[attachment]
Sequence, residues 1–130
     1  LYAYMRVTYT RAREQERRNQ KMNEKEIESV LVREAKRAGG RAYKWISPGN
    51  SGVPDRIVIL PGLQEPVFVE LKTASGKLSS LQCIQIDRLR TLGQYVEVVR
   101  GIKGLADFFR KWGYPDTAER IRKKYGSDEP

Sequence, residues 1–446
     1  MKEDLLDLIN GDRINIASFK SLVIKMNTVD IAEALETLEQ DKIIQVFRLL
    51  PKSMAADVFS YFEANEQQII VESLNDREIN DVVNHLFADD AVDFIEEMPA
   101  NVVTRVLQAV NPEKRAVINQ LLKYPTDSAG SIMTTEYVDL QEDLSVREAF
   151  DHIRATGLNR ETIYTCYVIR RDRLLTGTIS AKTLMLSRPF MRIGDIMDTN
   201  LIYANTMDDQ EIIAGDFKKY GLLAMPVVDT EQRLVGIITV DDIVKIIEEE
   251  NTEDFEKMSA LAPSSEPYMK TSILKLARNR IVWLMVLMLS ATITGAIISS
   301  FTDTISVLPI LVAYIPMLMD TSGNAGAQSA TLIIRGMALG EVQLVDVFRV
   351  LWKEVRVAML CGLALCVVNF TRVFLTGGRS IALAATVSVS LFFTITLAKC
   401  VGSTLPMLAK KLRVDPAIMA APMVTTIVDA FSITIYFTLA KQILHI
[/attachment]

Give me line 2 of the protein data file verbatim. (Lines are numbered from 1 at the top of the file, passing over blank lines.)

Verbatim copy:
     1  LYAYMRVTYT RAREQERRNQ KMNEKEIESV LVREAKRAGG RAYKWISPGN